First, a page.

Seventeen people are missing after tropical Cyclone Mekunu swept through Yemen's southern island of Socotra, state media said, ahead of its expected landfall later Friday near the border of mainland Yemen and Oman.
The internationally recognized Yemeni government declared Socotra a "disaster zone," confirming that two ships capsized and three cars were swept away by storm waters late Wednesday, state-run news agency SABA reported.
Cyclone Mekunu is now menacing coastal areas near the border of Yemen and Oman, with landfall -- when the exact center of the storm crosses the coast -- expected west of the Omani city of Salalah late afternoon or early evening local time Friday.
The storm was sustaining winds of 165 kilometers per hour (103 mph) as of 7:30 a.m. ET, equivalent to the strength of a category two hurricane, CNN forecasters said, with heavy bands of rain already moving ashore. The strongest winds will be felt where the eye crosses the coast.
Mekunu could bring between 100 and 250 millimeters (roughly four to 10 inches) of rainfall, in an area that usually averages 100 millimeters or less in a year, along with coastal waves up to 30 feet high.
The US Embassy in Oman issued a weather alert advising people to avoid travel to the affected area until the storm has dissipated.
"Residents of coastal areas in and around Salalah have been evacuated further inland," it said. "Expect heavy rains and strong winds with possible flooding, mudslides, power outages and difficult travel conditions in southern Oman."
Footage from Oman TV showed heavy rain and cars driving through flood waters.
'Stricken' island province
The internationally recognized government's President Abdu Rabu Mansour Hadi deployed the Yemeni Navy to assist in rescue and relief efforts on Socotra, which is listed as a Unesco World Heritage Site for its biodiversity.
He also "called on all humanitarian organizations concerned with disaster relief to help with providing aid to the archipelago's people," according to SABA.
Socotra province is "stricken with human and material damages at all levels," government spokesman Rajeh Badi is quoted as saying by SABA. Governor of Socotra Ramzi Mahroos said 17 people were still unaccounted for, SABA said. Others remain displaced or trapped.
Saudi Arabia's ambassador to Yemen pledged to help authorities in Socotra in the aftermath of the storm, according to Saudi state news agency SPA. Military planes carrying "tens of thousands of tons of relief, shelter and medical supplies" will head to the island as soon as weather permits, said Mohammed Al-Jabir.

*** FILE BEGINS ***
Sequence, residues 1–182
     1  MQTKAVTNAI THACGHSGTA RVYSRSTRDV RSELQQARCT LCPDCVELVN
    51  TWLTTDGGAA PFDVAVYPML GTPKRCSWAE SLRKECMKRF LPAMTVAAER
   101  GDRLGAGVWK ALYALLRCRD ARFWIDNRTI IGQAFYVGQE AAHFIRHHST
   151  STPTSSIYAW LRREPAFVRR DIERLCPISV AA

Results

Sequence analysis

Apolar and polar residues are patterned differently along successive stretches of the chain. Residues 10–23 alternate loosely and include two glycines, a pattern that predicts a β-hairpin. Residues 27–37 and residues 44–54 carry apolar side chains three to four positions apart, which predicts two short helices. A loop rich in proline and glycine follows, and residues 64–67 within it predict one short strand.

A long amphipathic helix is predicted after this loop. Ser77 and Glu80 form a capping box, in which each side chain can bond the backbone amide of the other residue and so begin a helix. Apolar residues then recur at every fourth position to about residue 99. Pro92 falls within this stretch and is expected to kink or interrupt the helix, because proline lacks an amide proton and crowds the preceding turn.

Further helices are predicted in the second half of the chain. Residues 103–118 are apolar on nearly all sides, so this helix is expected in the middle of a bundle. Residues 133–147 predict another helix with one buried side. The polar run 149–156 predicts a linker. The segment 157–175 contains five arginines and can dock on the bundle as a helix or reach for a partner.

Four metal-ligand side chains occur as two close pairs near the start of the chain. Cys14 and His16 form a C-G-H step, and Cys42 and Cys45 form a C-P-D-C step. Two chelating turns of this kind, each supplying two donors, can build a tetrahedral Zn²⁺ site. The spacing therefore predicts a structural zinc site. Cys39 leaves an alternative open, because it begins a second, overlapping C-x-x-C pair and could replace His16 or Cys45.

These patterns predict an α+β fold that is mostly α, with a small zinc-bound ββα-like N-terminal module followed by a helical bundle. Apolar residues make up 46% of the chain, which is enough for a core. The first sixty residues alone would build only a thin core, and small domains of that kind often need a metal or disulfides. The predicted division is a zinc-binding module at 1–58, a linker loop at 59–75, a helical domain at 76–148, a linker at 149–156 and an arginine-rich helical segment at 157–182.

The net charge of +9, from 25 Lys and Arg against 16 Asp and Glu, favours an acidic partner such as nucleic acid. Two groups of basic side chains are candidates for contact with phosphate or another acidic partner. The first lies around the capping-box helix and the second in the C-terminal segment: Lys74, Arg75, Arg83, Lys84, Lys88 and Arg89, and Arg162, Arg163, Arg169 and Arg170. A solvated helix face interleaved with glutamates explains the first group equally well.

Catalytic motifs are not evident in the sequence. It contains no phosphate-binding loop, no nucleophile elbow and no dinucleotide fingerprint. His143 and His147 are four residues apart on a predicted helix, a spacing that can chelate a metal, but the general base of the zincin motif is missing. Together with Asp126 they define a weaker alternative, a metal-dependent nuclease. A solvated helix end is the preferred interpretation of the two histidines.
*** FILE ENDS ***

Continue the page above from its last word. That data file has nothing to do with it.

Yemen already faces a humanitarian crisis after more than three years of civil war.
The United Nations recently declared the situation in Yemen the world's worst humanitarian crisis, with more than 22 million people -- that is, three-quarters of the population -- in desperate need of aid and protection.
A storm of Cyclone Mekunu's magnitude is a rare occurrence in the Arabian peninsula. In the past 50 years, only three hurricane-strength storms have hit the Gulf of Aden. None of them were in the area where Mekunu is forecast to make landfall.
A time-lapse video posted Friday by Ahmed Alyafai in Dhofar Governorate showed strong winds blasting palm trees on the coast.
Oman's Meteorology Directorate issued warnings for the Dhofar and Al Wusta coastal regions of very heavy rainfall and strong winds, with rising sea levels that will cause floods. Residents are urged to stay out of the water because the sea is expected to be very rough.
After making landfall, the cyclone is likely to dissipate quickly, within 24 to 48 hours, as it encounters the region's dry and rugged desert terrain, CNN forecasters said.
Cyclone Mekunu comes on the heels of another storm just a week earlier -- Cyclone Sagar. Although it caused little reported damage in Yemen and Oman, the storm pummeled nearby Somalia, where local media reported at least 31 dead and thousands displaced.
In 2007, Cyclone Gonu killed dozens and displaced thousands as it lashed through Oman, as well as causing massive disruption to oil production.